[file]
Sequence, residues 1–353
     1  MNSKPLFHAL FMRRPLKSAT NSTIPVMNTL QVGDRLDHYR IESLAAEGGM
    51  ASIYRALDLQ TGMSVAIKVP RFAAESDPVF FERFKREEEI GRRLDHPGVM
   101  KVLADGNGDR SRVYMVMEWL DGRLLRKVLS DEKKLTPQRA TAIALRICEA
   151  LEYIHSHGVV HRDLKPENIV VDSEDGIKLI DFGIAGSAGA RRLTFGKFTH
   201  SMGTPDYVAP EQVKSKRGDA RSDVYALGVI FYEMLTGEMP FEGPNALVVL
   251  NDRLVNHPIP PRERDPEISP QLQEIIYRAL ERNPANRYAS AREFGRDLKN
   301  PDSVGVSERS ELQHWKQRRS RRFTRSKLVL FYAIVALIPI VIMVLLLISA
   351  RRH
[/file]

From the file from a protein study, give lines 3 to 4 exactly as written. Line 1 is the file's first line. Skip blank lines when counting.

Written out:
    51  ASIYRALDLQ TGMSVAIKVP RFAAESDPVF FERFKREEEI GRRLDHPGVM
   101  KVLADGNGDR SRVYMVMEWL DGRLLRKVLS DEKKLTPQRA TAIALRICEA